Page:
A daylong symposium in Research Triangle Park gave participants perspective on how the health care systems in the U.S. and Taiwan are different – and, in some ways, similar.
By Rose Hoban
Imagine you go to the doctor – a physician you haven’t seen before – and you pull out a card with a memory chip in it. The doctor runs it through a machine and instantly has access to your medical history, what drugs you take and what happened during your last hospitalization.
That’s not science fiction – it’s the reality for the 22 million residents of Taiwan.
“You just swipe your card, and that’s it,” said Maggy Coufal, who holds dual Taiwanese and U.S. citizenship and works at UNC in the School of Public Health.
Coufal was one of about 100 people who attended a lunchtime presentation Monday at RTI International in Research Triangle Park that discussed comparisons between the Taiwanese and U.S. health care systems.
The event was part of a weeklong visit by a Taiwanese health delegation sponsored by Duke University’s Center for International Studies. The delegation includes the director general of medical affairs for the Taiwanese Ministry of Health, Wui Chiang Lee.
“Every citizen in Taiwan has a smart card,” Lee told the gathering. In the next few years, he said, all of that information will be uploaded to a central hub. “So all of the health data will be in the cloud.”
While many people in the U.S. think of Taiwan as the place where cheap electronics are made, the island located a little more than 100 miles from mainland China is light years ahead of its larger neighbor in terms of technology and infrastructure.
And since 1995, Taiwanese have had universal health care.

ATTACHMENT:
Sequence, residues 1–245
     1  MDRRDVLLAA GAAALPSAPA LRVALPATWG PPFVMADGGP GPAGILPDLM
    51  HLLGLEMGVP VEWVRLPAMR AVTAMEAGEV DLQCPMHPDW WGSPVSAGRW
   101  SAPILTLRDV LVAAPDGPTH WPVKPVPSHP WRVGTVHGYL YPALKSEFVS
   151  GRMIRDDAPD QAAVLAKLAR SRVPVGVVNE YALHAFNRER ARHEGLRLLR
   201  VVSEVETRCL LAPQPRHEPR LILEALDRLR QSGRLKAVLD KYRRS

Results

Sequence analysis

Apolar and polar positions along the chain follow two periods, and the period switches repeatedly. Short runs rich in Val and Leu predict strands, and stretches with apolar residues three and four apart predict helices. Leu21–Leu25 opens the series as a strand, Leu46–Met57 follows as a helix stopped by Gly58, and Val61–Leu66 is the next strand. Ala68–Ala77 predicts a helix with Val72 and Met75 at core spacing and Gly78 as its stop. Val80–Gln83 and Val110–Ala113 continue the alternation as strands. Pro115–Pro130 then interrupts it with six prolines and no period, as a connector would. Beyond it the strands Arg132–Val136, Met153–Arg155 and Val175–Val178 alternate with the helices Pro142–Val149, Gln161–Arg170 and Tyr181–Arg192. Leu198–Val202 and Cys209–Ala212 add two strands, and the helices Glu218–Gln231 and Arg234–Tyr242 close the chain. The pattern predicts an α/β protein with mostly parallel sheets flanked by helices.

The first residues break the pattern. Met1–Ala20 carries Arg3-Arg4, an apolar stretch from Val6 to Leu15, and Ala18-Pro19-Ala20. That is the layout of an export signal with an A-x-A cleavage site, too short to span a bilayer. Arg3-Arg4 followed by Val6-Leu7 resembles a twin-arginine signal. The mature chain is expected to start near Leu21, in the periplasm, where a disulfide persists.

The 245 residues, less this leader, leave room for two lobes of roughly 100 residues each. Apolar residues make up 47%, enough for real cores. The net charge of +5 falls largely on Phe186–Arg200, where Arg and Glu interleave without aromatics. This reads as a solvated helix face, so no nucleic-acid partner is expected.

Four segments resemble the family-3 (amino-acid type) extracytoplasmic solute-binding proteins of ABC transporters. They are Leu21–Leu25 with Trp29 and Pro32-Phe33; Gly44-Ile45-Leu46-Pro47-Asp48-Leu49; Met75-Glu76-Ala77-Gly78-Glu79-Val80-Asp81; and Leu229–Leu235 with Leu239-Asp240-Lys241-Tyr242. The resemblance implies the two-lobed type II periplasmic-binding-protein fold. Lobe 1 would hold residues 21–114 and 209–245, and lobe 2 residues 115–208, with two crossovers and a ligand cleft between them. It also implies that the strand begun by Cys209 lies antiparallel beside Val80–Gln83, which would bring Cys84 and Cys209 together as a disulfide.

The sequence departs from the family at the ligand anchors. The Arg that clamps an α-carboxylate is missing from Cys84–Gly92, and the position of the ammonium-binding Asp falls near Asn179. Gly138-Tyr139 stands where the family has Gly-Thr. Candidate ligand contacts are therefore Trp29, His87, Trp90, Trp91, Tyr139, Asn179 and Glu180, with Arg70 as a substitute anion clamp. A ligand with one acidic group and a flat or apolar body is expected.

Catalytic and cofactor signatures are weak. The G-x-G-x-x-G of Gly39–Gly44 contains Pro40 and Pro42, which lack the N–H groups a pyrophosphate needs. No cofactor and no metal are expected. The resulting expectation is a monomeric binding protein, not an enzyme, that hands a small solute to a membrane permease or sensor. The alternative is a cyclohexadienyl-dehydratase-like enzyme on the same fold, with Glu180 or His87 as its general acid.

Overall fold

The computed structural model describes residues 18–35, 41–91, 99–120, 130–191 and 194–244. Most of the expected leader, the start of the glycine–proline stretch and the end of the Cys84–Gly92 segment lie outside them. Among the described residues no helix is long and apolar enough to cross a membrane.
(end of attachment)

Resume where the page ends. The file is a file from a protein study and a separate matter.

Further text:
In 1947, Lee said, the Republic of China established in its constitution a system of insurance to promote social welfare.
Until 1995, the government added groups of people piecemeal to the system – from public employees to fishermen and farmers – but about 40 percent of Taiwanese remained uninsured.
The government then switched to a single-payer system, with universal insurance, paid for by taxes and premiums determined by income.
“Since I’m a health officer, I pay 30 percent of my insurance premium and my employer pays the other 70 percent,” Lee said.
Many of the poor, he said, are 100 percent, or nearly so, subsidized by the government. The subsidy depends on income and profession.
Lee explained that co-pays are also subsidized for the poor and very sick or disabled people, and the Taiwanese system covers all prescription drugs up to a monthly cap of about $70 U.S.
The Taiwanese system uses barcodes on patient wristbands and records to keep from making mistakes, and all of the hospitals have electronic medical records linked into the main system, a concept health care planners in the U.S. say they want and which is being pushed by the federal Affordable Care Act.
“All hospitals need to report, upload their quality data to the central warehouse,” Lee said. “The expert from the accreditation commission will review the data every three months and give real-time feedback and comment for hospitals and quality improvement.”